Abstract: Public Personnel Management, Ahead of Print.
      Contracting out has long been used in all levels of government in the United States, with federal contract spending increasing 8% to 9% annually since 2015. The literature on contracting out has examined the impact of this practice on the work-related attitudes and motivation of public employees who have transitioned to work for private contractors. However, we understand very little about the effects of contracting out on the overwhelming number of public employees who are not displaced. Given the importance of work-related attitudes and turnover for organizations, this study explores the potential consequences of contracting out for employee turnover intention over a period of several years. The results of panel data analyses suggest that an increase in contracting activity in federal agencies increases the employee turnover intention rate. Contracting out also impacts employee turnover intention indirectly through its influence on job satisfaction.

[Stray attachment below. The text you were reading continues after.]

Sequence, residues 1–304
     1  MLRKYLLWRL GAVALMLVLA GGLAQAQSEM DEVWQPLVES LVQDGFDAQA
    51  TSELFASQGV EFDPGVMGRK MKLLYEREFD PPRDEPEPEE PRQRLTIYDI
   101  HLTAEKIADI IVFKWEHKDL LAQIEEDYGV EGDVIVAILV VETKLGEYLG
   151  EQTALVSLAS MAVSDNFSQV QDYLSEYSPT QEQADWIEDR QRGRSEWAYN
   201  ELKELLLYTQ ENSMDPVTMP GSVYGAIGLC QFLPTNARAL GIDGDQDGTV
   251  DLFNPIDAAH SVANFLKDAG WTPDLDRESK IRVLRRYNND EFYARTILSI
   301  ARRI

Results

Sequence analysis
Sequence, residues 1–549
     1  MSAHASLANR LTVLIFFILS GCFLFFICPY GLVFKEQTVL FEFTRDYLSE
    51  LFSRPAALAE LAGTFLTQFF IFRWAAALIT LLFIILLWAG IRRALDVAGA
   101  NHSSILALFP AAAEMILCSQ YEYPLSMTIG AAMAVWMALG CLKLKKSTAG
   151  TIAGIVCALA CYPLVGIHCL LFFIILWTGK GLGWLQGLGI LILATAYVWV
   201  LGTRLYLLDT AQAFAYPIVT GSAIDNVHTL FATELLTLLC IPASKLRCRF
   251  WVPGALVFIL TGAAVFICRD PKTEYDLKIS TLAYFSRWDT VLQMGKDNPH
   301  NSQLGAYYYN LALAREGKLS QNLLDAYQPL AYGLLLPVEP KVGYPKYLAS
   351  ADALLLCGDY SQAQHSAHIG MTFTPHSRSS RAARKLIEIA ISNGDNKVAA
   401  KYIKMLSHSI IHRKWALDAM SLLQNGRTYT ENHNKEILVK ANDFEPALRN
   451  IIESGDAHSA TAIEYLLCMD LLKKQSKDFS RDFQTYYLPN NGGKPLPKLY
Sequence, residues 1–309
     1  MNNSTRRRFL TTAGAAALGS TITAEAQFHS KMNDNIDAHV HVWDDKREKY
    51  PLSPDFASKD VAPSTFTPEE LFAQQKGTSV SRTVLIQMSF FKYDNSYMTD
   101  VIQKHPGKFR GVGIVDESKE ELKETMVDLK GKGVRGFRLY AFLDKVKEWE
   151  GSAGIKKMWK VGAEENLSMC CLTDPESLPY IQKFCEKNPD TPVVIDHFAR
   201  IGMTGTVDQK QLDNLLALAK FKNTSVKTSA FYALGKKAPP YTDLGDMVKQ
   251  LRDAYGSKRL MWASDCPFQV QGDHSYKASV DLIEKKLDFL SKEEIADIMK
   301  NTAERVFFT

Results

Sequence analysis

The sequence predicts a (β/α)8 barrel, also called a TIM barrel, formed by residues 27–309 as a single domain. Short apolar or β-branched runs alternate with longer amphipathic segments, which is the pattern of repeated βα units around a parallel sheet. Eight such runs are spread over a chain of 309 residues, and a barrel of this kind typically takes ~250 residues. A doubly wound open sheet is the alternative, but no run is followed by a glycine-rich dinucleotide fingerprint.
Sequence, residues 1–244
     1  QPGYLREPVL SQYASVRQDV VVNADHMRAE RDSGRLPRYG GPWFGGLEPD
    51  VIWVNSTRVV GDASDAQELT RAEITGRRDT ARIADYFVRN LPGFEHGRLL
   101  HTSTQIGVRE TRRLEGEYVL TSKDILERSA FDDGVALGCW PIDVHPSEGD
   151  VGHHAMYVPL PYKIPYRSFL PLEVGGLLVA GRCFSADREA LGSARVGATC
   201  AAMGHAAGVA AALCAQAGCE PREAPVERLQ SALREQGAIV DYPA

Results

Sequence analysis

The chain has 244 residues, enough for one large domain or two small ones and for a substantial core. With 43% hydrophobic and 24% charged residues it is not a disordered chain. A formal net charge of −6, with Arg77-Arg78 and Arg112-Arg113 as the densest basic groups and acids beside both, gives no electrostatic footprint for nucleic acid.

Citation: Public Personnel Management
      PubDate: 2020-08-10T02:30:00Z
      DOI: 10.1177/0091026020944558
  • The Dynamic Role of Emotional Intelligence on the Relationship Between
           Emotional Labor and Job Satisfaction: A Comparison Study of Public Service
           in China and South Korea
    • Authors: Xiaojun Lu, Hyun Jung Lee, Seung-Bum Yang, Min Hye Song
      Abstract: Public Personnel Management, Ahead of Print.